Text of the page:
Sludge bulking and foaming arise from the overgrowth of filamentous bacteria in AS systems. These are distinct and they fall under the mycolata taxon (Wanner 1994). Madoni et al. (2000) carried out a survey of biological bulking and foaming agents in 167 Italian WWTPs. They found abundant M. parvicella in sludge bulking and foaming, whereas Norcardioform actinomycetes, Eikelbloom types 0041, 0092, 021N, 0675 and Thiothrix were only detected in very low concentrations. Guo & Zhang (2012) also used throughput sequencing to profile dominant microorganisms associated with biobulking and biofoaming in 14 WWTPs world-wide. In their study, M. parvicella, Nostocoida limicola I and II, Mycobacterium fortuitum and Eikelboom type 1863 were identified as dominant sludge biobulkers and biofoamers. Overall, foaming occurs in AS systems largely because of aeration in the presence of synthetic and biosurfactants from filamentous bacteria (Mulligan 2005; Nielsen et al. 2009; Osama Al 2014). It is also associated with the presence of proteins and FOG including foam facilitating operation conditions at WWTPs (Rossetti et al. 2005). Generally, the presence of biosurfactants in combination with proteins produces a stable foam, with the proteins, composed of nitrogen, carbon, hydrogen and oxygen, being used as carbon and nitrogen sources by the foam-forming filamentous bacteria (Willey et al. 2008). These foam-forming bacteria can also use soluble hexadecane and acetate as readily available carbon sources during their growth. Under such conditions, the organisms will excrete biosurfactants. Microorganisms such as M. parvicella and N. amarae proliferate in FOG-containing wastewater, as they degrade the lipids and solubilise them by producing biosurfactants (Pal et al. 2014; Dunkel et al. 2018).

N. amarae is a gram-positive non-motile organism that depends on the wastewater characteristics and sparging to float to the wastewater surface. It has relatively low food requirements and depends on the effluent for a continuous supply of biodegradable FOG for growth (Tandoi et al. 2017). M. parvicella, however, is gram-positive and slow growing, and has unbranched filamentous strands that appear between flocs, disrupting floc formation. Like N. amarae, M. parvicella has a low food to microorganism ratio (f/m). It is also microaerophilic, and can grow in any AS zone, particularly dead zones. The optimum pH range for M. parvicella is 6.7–8 and is likely to be limited by a high dissolved oxygen (DO) concentration (Rossetti et al. 2005). It also has a hydrophobic cell surface containing filamentous strands that attaches to foam layers. The filamentous network ensures entrapment in bubbles, resulting in a buoyant movement to the wastewater surface. M. parvicella cannot use Acetyl Coenzyme A to generate LCFAs for growth but depends on the FOG in the influent or sludge (Tandoi et al. 2017). Table 1 outlines the different environmental conditions that promote the growth of various filamentous microorganisms associated with biofoam development.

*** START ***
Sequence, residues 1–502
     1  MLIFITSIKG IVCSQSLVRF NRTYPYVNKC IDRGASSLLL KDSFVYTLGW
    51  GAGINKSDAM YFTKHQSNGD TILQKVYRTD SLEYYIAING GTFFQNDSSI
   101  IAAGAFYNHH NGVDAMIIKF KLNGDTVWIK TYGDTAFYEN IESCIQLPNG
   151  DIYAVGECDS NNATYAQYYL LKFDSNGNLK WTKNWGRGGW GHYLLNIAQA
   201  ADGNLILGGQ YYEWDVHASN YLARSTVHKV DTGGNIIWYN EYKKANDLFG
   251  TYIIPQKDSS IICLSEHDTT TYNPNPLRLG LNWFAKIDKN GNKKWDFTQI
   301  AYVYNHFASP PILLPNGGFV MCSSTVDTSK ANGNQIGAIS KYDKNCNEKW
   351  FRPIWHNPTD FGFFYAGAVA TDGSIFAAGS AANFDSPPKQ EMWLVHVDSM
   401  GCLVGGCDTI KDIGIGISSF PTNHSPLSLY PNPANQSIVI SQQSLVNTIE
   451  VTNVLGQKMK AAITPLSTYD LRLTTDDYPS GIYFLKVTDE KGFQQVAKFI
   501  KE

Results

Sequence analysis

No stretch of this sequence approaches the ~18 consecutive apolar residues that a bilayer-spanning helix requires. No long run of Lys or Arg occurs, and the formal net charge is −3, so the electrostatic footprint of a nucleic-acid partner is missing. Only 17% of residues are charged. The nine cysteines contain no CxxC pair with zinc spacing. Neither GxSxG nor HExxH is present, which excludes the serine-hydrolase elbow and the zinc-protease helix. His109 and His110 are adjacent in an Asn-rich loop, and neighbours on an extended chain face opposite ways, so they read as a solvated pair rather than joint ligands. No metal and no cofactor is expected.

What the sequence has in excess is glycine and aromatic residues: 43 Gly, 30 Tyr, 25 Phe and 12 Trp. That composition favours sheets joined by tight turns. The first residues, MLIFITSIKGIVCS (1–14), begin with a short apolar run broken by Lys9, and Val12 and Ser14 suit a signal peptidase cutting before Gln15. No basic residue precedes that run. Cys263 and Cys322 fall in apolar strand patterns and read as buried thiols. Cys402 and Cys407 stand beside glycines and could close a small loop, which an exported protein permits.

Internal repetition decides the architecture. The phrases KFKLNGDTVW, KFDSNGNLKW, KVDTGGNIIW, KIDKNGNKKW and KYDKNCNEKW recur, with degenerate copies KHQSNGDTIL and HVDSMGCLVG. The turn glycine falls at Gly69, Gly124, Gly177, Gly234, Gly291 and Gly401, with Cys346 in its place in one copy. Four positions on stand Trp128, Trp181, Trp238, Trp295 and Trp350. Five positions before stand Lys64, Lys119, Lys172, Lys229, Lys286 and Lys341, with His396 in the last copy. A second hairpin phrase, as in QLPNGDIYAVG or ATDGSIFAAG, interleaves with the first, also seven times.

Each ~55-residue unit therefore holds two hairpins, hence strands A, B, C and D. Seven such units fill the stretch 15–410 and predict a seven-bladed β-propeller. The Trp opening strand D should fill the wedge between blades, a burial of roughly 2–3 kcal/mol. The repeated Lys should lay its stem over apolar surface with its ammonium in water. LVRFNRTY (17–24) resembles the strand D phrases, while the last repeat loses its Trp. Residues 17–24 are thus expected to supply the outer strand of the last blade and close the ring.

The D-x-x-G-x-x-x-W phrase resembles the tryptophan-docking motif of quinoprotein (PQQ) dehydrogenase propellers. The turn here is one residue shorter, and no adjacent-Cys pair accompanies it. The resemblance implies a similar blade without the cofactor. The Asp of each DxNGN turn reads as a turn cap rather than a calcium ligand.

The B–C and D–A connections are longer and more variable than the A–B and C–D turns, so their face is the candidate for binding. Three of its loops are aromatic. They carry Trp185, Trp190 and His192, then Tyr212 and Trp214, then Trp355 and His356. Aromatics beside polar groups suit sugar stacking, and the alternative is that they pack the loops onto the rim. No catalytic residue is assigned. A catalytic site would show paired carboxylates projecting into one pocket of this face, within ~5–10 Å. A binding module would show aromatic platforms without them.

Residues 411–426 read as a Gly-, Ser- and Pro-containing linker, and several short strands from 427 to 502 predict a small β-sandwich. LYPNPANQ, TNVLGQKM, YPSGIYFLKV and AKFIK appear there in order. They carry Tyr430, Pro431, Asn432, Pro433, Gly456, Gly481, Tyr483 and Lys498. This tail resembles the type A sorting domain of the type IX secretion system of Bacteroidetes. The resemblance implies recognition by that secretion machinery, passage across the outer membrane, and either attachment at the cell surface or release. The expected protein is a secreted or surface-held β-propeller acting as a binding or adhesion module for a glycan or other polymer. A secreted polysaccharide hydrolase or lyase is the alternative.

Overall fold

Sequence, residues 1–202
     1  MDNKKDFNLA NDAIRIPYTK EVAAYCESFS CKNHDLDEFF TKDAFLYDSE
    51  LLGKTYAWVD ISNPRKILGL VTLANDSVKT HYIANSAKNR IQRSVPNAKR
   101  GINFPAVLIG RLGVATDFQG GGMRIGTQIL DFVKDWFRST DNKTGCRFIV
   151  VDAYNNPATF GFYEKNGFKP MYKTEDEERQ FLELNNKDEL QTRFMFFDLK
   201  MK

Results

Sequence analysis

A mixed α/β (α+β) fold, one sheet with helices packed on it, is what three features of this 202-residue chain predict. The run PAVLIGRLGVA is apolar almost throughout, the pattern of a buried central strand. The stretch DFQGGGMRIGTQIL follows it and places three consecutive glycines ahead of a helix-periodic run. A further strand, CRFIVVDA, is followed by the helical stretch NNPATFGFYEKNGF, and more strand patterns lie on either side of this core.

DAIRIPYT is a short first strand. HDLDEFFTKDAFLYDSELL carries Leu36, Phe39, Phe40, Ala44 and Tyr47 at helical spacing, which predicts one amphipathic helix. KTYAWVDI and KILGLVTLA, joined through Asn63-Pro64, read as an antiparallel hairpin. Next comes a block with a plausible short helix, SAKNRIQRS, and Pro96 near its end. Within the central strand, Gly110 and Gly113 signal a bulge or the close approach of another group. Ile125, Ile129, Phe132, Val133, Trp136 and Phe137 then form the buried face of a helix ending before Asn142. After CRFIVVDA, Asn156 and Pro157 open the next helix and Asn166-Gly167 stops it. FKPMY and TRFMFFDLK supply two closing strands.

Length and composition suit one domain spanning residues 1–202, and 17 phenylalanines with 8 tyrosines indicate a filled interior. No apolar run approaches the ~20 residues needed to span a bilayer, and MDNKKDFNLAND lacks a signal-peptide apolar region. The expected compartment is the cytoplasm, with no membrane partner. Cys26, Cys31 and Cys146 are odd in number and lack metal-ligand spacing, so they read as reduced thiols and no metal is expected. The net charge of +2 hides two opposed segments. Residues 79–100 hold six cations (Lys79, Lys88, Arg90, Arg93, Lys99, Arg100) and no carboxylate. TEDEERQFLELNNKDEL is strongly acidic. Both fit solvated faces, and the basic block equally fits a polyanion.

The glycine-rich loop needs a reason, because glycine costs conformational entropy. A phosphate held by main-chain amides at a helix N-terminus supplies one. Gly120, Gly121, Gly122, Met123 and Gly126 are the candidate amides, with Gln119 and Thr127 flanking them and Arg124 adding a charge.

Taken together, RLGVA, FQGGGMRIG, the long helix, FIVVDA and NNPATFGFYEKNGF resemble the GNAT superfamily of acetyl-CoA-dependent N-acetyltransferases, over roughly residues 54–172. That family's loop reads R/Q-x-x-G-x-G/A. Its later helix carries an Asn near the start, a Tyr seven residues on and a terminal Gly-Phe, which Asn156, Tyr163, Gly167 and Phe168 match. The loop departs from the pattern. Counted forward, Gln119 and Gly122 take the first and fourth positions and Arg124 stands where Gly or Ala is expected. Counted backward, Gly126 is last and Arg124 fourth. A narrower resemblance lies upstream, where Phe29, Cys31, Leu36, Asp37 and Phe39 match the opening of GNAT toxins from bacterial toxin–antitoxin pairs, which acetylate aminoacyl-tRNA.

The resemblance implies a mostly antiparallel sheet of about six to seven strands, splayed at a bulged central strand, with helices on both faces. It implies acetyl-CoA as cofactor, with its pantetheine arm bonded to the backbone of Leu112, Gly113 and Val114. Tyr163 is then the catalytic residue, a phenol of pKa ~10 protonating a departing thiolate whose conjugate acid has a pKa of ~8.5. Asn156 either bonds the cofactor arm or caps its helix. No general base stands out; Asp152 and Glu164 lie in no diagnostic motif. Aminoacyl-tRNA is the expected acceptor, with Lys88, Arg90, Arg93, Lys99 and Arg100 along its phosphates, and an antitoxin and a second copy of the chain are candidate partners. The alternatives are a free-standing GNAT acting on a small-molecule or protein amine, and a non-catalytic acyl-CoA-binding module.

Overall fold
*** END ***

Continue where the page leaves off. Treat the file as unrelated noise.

Table 1

Environmental conditions promoting different types of filamentous organisms associated with biofoaming (Nielsen et al. 2009; Liu et al. 2018; The Water Network 2019)

Environmental conditionOrganism
High DO concentration Sphaerotilus natans, Eikelboom type 021N 
Low f/m ratio Eikelboom types: 0041, 0675, 1851 
Grease and oil availability Nocardia sp., Microthrix parvicella, Eikelboom type 1863 
Low pH Fungi 
Protein availability Chloroflexi, Eikelboom types 0092 and 0041 
Environmental conditionOrganism
High DO concentration Sphaerotilus natans, Eikelboom type 021N 
Low f/m ratio Eikelboom types: 0041, 0675, 1851 
Grease and oil availability Nocardia sp., Microthrix parvicella, Eikelboom type 1863 
Low pH Fungi 
Protein availability Chloroflexi, Eikelboom types 0092 and 0041 
Table 2

Biofoamers and general AS control strategies in various countries (by country)

CountryBiofoamersControl strategiesReferences
Argentina S. natans, M. parvicella, Nocardia sp. Thiothrix I, Eikelboom Types: 021N, 1701, 1863, 0041, 0092 Chlorination, oxidant or coagulant addition Di Marzio (2002)  
Australia M. parvicella, Eikelboom Types 0041/0675, 0092 and H. hydrossis Chlorination, aeration and f/m ratio 0.4 manipulation and reducing sludge age Seviour et al. (1989), Seviour et al. (1994), Seviour et al. (1997)  
Czech Republic M. parvicella, Eikelboom Type 0092 FEX-120 supplementation, reducing sludge, water sprays, mechanical skimming, use of contact zone selectors, chlorination Krhutkova et al. (2002), Kragelund et al. (2010)  
Denmark M. parvicella, Eikelboom Types: 0041/0675, 021N, 0092, 0803, 0914, 1851 and N. limicola FEX-120, chlorination, addition of PAX-14, use of selectors Kristensen et al. (1994), Kragelund et al. (2010)  
France M. parvicella, Nocardioform Eikelboom Types: 0041/0675, 021N, Type 0092 and M. limicola Chlorination, contact zone loading rate manipulation Pujol (1994)